By John Howell From medieval occupational guilds to today’s purpose-driven associations, professionals have gathered to share best practices, enhance professional development, and learn how their peers are addressing issues. And, of course, they join together to participate in the crucial network building of like-minded individuals and businesses that yields both insights and new business. The Corporate Responsibility Association (CRA) is a state-of-the-art business association for those companies and organizations that have or desire a strong focus on CR. Founded in 2007, the CRA was acquired last year by 3BL Media, the leading distribution service for news and information about corporate responsibility and sustainability. Today, the Association is stronger than ever. Members connect in a variety of ways: at the annual COMMIT!Forum conference, through the Brands Taking Stands Newsletter and the CR magazine, and in Thought Leadership Councils, monthly meetings organized around specific subject areas within CR.
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A CR leader under fire and the alphabet soup of standards organizations By the Editors He’s the new chief executive and his 100-day anniversary was fast approaching. Many miles from the familiar trappings of his hometown, he has uprooted his family and inherited all the successes—as well as the baggage—of preceding administrations. Yet despite having more power and influence than other world leaders, critics abound. No, this is not a story about the occupant of 1600 Pennsylvania Avenue. Rather, the man experiencing a tumultuous honeymoon as CEO of the Global Reporting Initiative (GRI) is Tim Mohin. Hired by the GRI’s board late last year, the longtime corporate responsibility practitioner and his wife moved from Austin, Texas, to the independent standards organization’s headquarters in Amsterdam in January. Comparisons to the Donald Trump election have been coming ever since. “I have yet to sign any executive orders,” Mohin chuckled during an interview at the annual conference of Ceres, the NGO that launched GRI in 1997.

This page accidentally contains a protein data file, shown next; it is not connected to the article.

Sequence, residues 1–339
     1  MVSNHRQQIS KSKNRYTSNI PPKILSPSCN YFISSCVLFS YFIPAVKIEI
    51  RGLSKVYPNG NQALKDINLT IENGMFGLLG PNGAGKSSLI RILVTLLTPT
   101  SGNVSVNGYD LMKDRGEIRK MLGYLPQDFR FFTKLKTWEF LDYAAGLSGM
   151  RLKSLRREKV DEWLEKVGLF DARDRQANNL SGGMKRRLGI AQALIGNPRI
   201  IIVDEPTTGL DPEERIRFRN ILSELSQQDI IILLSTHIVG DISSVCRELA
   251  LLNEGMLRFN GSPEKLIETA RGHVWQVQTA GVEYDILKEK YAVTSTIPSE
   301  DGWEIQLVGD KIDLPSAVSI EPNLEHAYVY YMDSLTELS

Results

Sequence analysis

The top corporations dedicated to sustainability in the energy category CR Magazine has put together its annual set of the “2017 Most Responsible Companies Ranked by Industry Sector” list. This list serves to help readers establish that their supply chain is comprised of the most responsible, sustainable, and transparent companies—creating shared value when strategic opportunities arise. In past years, this ranked list includes the top 12 companies in all 11 industry categories. This year, we are going to break down the list to feature one industry sector per magazine, to bring more attention to the category as a whole. In this issue we focus on “Energy.” To view the 2017 list, click here. For these compilations, we use the same methodology as the “100 Best Corporate Citizens List,” with one additional data slice. The Best Corporate Citizens database comprises publicly available data from Russell 1000 companies collected and analyzed by IW Financial, a Portland, Maine-based financial analysis firm serving the environment, social, and governance (ESG) investment community.
U.S. companies are speaking out on divisive hot button issues By Tom Idle “In this present crisis, government is not the solution to our problem; government is the problem.” This sentence in Ronald Reagan’s inaugural address of 1981, which poured ire on the notion of ‘big government,’ has stayed with many Americans to this day. In fact, almost 70 percent of people see government intervention (or otherwise) as the greatest threat to the nation, according to the latest Gallup poll on the subject, compared with just 26 percent who think it’s big business. It is little wonder then that politicians—from both the left and right sides of the political spectrum—have long banged the anti-corporate drum in the apparent hope of shifting attention away from themselves. Questioning the role, size and influence of business in society has become the political playground game of choice.